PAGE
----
A Continuum Approach to Systematic Risk and Too-Big-to-Fail

Cheryl Block | 6 Brooklyn Journal of Corporate, Financial, and Commercial Law 289 (2012)

This Article highlights differences between principle and practical implementation of prudential financial regulation and resolution rules for failing financial institutions. In principle, prudential regulation gradually enhances enforcement along a risk-based continuum. Under this approach, systemically important financial institutions, which pose greater potential threats to economic stability, theoretically should be more strictly regulated than other financial entities.  In reality, however, regulators often opt not to fully enforce prudential financial regulations against such large institutions, a practice sometimes referred to as regulatory forbearance. In ironic contrast, rules for resolving failing financial institutions have increasingly restricted regulators’ options, often limiting them to a binary choice between allowing the entity to fail and providing a government “bailout.” In reality, however, regulators have flexibly responded to failing institutions along a continuum ranging from little or no intervention to public rescue. Despite Dodd-Frank’s attempt to limit this “reality,” regulators are likely to continue the flexible exercise of their resolution authority. In this Article, I argue that a continuum-based approach is important for both prudential regulation and the resolution of failing firms. With respect to regulation, this approach should ensure proper implementation of existing gradually enhanced prudential regulatory rules. With respect to resolution, this approach acknowledges and accepts the range of existing and potential government responses to failing financial institutions. Rather than pretend to rid the system of bailouts, policy makers should develop an equitable and transparent process and substantive criteria for allocating risk in the event of systemically important financial institution failures. more...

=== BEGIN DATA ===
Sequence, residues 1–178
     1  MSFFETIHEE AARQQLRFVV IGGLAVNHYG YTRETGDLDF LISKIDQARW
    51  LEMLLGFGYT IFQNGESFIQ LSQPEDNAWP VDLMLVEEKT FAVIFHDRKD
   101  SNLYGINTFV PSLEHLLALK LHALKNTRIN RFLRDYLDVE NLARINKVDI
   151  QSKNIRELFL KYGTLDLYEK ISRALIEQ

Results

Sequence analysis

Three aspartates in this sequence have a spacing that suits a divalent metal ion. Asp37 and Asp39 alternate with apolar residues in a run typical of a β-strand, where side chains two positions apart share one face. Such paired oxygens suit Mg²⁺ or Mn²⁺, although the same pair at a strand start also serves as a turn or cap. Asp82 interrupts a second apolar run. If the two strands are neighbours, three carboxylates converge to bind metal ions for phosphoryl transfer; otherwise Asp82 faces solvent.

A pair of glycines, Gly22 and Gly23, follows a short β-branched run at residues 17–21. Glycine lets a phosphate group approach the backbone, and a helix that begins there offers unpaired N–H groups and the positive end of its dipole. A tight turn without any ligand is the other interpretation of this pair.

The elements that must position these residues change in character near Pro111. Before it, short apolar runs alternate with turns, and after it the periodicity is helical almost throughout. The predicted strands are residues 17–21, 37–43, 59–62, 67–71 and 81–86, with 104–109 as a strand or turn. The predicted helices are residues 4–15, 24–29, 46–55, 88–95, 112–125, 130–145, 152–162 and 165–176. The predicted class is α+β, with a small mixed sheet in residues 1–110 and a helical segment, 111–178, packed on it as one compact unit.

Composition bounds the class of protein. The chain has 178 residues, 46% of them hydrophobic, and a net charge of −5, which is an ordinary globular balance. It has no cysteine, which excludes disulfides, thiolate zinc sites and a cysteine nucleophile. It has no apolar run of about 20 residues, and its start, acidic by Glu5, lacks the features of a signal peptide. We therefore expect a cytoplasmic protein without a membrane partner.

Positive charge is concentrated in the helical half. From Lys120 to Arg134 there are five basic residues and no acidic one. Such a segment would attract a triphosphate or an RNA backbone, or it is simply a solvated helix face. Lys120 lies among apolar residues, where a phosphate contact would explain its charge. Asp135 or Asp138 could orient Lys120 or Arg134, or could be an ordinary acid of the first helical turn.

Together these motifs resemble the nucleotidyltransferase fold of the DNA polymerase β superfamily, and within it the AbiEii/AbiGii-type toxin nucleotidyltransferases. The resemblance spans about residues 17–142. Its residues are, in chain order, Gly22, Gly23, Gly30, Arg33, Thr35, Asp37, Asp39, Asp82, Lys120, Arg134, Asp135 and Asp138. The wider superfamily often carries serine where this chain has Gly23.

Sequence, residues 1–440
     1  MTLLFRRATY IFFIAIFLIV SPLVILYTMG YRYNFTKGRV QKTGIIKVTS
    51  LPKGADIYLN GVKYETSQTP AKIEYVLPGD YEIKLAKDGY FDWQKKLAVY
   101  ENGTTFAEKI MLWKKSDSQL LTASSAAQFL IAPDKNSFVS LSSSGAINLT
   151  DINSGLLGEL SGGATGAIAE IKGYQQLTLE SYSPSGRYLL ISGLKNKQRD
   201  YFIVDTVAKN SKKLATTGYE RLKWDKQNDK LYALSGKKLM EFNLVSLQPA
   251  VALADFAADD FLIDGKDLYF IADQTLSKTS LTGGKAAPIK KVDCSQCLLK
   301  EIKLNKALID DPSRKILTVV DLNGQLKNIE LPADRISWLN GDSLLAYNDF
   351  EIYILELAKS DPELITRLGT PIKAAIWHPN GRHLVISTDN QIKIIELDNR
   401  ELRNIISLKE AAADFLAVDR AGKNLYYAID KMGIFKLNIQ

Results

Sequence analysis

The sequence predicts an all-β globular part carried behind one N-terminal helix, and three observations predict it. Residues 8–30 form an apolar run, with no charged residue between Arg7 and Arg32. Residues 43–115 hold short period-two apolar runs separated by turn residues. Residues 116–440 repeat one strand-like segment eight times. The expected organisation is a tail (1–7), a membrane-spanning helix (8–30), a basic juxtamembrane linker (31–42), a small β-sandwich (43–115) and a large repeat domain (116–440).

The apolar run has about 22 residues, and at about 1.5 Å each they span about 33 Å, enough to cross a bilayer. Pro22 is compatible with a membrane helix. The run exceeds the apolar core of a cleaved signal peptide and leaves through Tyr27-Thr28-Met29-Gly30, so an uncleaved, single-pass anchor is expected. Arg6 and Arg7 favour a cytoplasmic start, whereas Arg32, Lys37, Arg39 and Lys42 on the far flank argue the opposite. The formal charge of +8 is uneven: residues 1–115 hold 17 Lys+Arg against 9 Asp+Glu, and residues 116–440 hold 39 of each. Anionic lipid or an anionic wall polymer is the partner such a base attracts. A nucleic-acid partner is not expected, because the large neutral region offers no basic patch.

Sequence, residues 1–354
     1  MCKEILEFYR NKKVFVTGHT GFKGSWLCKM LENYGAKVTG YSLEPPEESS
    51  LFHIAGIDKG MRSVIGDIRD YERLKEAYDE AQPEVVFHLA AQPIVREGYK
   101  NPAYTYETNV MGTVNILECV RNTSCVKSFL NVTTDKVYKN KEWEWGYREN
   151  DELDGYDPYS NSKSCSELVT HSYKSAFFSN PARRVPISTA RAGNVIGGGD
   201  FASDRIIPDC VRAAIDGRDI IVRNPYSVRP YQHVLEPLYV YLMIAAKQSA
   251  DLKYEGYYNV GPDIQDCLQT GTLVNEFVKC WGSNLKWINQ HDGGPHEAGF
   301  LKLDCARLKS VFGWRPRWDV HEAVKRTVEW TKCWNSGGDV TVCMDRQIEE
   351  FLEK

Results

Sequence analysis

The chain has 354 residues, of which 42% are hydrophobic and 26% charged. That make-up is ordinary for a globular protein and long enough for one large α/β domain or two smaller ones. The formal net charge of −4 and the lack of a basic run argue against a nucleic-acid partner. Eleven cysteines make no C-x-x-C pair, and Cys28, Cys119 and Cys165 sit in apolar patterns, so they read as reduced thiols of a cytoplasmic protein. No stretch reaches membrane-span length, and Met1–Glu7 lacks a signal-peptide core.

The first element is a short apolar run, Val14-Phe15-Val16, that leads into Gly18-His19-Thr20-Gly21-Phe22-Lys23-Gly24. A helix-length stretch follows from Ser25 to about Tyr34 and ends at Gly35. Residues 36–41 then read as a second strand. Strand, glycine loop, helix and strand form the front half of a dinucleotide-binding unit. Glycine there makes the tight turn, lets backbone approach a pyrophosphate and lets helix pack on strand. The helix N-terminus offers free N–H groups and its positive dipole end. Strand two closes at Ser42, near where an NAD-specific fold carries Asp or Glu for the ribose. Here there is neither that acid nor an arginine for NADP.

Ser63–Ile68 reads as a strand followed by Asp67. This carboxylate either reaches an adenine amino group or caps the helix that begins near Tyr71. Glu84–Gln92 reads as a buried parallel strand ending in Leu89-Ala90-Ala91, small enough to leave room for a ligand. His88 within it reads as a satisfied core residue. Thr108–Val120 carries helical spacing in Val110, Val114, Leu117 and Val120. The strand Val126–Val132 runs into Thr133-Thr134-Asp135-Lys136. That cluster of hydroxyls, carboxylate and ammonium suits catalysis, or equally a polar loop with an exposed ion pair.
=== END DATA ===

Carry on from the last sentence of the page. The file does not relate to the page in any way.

Faculty Scholarship